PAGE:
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How do we conserve water so we do not have to face acute shortage in the future?

Water, the most precious commodity is being abused to such an extent that there is fear that this might lead to another world war or it may be difficult even to get drinking water. Water is indeed an integral part of human body as it accounts for 66 percent of it. The only liquid that quenches thirst satisfactorily is water and a mere two percent dehydration reduces performance by 20 percent.

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News this week

Carbon content in India's soil decreases

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Mahaveer Singh Sukarlai was awarded the Bhagirath Prayas Samman at the India Rivers Day 2017 for his valiant effort to safeguard the integrity of the Bandi river in Pali.

A seasonal river in Pali, Rajasthan, the Bandi is nothing short of a sewer. The textile town has witnessed rampant industrial growth, raw sewage discharges and toxic contamination of its waters. The river, which is devoid of lean season flow, is polluted up to 55 km downstream. The river water is unfit for drinking as well as irrigation.

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A study from remote villages in rural Uttarakhand finds that toilet use is influenced by geography, accessibility, availability of infrastructure and occupation of villagers.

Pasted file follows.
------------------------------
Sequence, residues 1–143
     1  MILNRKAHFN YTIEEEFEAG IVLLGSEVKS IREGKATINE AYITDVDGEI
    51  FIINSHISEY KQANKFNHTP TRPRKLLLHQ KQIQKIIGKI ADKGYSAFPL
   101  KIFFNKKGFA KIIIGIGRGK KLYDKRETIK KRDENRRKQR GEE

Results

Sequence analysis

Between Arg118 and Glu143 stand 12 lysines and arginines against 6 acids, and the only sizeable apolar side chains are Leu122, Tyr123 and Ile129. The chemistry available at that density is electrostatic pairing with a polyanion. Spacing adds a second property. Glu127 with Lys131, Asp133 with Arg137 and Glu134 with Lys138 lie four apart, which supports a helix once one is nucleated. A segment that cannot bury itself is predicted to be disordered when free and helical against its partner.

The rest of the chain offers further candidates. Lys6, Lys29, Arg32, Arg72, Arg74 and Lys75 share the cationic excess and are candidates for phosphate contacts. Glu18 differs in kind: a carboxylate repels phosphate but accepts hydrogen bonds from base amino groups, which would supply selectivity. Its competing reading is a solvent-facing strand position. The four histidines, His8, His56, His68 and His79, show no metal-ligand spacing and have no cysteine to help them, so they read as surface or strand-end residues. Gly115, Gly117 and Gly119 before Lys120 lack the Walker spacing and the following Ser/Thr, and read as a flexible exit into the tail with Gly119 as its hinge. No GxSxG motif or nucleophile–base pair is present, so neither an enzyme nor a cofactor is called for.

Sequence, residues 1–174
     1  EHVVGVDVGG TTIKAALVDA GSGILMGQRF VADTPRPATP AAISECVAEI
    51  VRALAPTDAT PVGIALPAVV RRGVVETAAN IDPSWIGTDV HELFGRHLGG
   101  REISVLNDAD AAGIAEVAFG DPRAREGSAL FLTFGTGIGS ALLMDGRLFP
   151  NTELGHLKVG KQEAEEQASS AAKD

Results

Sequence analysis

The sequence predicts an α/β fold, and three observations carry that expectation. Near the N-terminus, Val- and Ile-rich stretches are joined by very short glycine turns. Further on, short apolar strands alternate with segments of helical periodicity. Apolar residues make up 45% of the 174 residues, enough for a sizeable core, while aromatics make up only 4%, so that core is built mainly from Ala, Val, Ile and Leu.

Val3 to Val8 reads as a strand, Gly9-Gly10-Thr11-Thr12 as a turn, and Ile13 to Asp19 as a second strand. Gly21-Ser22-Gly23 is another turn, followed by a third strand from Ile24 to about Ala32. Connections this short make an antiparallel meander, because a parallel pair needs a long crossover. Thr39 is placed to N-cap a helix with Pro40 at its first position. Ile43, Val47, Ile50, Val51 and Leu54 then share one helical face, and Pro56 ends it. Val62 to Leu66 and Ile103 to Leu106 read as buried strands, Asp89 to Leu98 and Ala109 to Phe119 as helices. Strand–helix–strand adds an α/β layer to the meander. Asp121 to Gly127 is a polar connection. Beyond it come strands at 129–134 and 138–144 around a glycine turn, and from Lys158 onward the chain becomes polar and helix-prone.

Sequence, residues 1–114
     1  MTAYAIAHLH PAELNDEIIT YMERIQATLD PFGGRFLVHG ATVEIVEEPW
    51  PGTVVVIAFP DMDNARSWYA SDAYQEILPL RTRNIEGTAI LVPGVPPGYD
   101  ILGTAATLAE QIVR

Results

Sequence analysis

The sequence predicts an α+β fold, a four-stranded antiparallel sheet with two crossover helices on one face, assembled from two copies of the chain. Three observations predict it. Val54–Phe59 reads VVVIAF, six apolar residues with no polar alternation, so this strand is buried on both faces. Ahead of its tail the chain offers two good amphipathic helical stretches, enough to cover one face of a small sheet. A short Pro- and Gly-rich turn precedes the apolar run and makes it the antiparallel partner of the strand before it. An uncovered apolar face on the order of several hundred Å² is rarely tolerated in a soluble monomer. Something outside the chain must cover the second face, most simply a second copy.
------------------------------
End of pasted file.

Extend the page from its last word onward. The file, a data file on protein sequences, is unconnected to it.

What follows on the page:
“Sometimes I go for open defecation, sometimes I use the toilet. It’s not like I always have to use the toilet. When I go for work here and there, I defecate in the jungle,” says Renu from one of the remote villages in Tehri Garwal district of Uttarakhand when asked why she does not use latrines every day.

Although there is a government-constructed latrine with a water tap that she and her family use when they are at home, she sees no point in coming back home to use the toilet when she goes out to graze animals or to collect firewood a long way into the jungle.

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The villagers of Khalabari are hopeful that the overhead tank being built in the village would make drinking water easily accessible to them.

In the early hours, the villagers of Khalabari, a tribal-dominated village in the Dumuripadar gram panchayat of Koraput district in Odisha step out of their houses for bringing wood and drinking water. The road to the forest where the water is available is rocky. Both women and men walk a few kilometres on the harsh terrain to bring essential commodities needed for their survival. Khalabari, with a population of 186, has 45 households. 

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Policy matters this week

Restructuring of National Rural Drinking Water Programme approved

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A study from rural Maharashtra finds piped water supply does not guarantee safe drinking water. Water treatment, storage and WASH practices influence water quality.